The gloom that now hung over Dave Darrin was the thickest, the blackest that he had ever encountered in his short life.
He was fully convinced, of course, that his troubles were the work of some determined and unscrupulous enemy or enemies.
Yet he was equally convinced that he was not likely to catch the plotter against his happiness. He and Dan had already done all that seemed to be in their power.
On the Saturday afternoon following the tobacco incident the first ray came to light up the gloom—though it did not take away any of awesome demerits that had piled up against him.
Dave and Dan were standing chatting in a group of about a score of fourth class men when Farley and Page stepped briskly in their direction.
Dave glanced at the pair in some astonishment, for it was weeks since he had been on speaking terms with either of them, and now both looked as though about to address him.
“One moment gentlemen, all, if you please,” called out Midshipman Farley. “Let no one leave just now. I have something to say that I wish to make as public as possible.”
Then, turning toward the astonished Darrin, Mr. Farley continued:
“Darrin, I got into a bad scrape once, and I accused you of carrying the information that resulted in several others and myself being detected. I was positive in my charge. I now wish to make you the most public apology that is possible. I know now that you did not in any way betray myself and my companions.”
“I am glad you have come to this conclusion,” Dave Darrin replied.
“It is not exactly a conclusion,” replied Farley frankly. “It is a discovery.”
“How did you find it out, Farley?” asked Dan Dalzell, speaking to that midshipman for the first time in many weeks.
“I have the word of the watchman who caught us. That is old Grierson, and there isn’t a more honest old fellow in the yard.”
“Did you ask Grierson, Farley?” questioned another midshipman gravely.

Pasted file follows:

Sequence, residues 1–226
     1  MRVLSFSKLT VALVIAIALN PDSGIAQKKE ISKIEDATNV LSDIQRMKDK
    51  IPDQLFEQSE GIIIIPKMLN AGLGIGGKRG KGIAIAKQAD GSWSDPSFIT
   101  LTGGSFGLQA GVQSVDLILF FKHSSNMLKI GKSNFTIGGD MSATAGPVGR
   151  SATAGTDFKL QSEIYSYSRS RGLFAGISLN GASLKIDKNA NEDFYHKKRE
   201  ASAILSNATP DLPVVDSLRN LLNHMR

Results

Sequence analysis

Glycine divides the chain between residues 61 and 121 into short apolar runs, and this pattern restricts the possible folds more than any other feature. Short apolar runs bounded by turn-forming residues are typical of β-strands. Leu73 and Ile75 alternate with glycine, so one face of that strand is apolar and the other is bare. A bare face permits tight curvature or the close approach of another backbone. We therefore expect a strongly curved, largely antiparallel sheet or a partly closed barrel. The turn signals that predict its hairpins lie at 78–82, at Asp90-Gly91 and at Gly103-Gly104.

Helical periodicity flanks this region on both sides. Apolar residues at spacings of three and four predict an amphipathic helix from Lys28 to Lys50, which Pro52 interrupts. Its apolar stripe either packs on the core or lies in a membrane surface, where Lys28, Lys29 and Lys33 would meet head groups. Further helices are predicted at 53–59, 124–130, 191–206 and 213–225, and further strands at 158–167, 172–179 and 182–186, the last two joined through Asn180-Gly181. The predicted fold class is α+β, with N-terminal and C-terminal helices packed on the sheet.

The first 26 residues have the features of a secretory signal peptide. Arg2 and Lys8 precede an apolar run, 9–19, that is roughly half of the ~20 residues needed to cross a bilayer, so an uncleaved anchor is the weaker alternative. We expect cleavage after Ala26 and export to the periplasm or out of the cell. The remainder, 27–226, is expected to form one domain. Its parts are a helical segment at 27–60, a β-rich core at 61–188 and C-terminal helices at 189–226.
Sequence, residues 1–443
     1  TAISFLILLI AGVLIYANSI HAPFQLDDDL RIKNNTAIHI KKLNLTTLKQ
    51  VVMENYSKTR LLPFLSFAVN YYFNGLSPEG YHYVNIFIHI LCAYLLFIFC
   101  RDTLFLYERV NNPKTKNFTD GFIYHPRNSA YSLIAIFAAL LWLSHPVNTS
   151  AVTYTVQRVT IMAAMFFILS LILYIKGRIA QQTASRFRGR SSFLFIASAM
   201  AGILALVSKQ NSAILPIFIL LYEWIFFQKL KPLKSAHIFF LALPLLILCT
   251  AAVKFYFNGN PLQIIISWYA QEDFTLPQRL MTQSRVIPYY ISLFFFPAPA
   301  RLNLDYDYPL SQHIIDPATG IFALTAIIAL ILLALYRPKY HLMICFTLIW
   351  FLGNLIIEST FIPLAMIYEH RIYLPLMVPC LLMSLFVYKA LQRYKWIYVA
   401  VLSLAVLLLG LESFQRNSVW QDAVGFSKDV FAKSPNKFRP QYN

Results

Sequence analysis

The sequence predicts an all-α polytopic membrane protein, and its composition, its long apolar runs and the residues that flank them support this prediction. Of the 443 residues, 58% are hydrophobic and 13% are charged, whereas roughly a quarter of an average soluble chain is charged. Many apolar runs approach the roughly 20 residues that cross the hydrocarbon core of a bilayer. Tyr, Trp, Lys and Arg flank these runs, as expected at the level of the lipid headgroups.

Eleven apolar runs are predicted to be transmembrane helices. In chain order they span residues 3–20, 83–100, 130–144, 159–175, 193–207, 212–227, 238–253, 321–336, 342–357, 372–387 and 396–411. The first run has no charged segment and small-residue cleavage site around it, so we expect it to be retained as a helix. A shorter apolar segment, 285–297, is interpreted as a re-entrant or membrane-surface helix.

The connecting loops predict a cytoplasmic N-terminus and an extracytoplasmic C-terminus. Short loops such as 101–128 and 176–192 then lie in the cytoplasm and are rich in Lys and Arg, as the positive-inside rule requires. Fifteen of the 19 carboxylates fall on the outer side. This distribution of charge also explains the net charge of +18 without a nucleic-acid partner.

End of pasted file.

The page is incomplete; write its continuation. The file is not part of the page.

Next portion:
“No; for that would be to pile on another offense,” replied Farley readily. “I am well enough aware that a midshipman has no right to go to a watchman about a matter in which the watchman has reported him. But a civilian is under no such restrictions. As some of you fellows know, my cousin, Sloan, was here at the Academy yesterday. Now, Ben Sloan is a newspaper man, and a fellow of an inquiring disposition. I told Ben something about the scrape I had been in, and Ben soon afterward hunted up Grierson. Grierson told Ben the whole truth about it. It seems that Grierson did not have any information from anyone. He saw our crowd go over the fence the night we Frenched it. But Grierson was too far away to catch any of us, or recognize us. So he made no alarm, but just waited and prowled until we came back. He heard the noise we made trying to get up over the wall from the outside, and ran down to that part of the wall. He didn’t make any noise, and stood in the shrubbery until we had all dropped over. Then he stepped out, looked us over quickly and demanded our names. He had us ragged cold, so there was nothing to do but give him our names. Now, there’s the whole story fellows, and I’m mighty glad I’ve got at the truth of it.”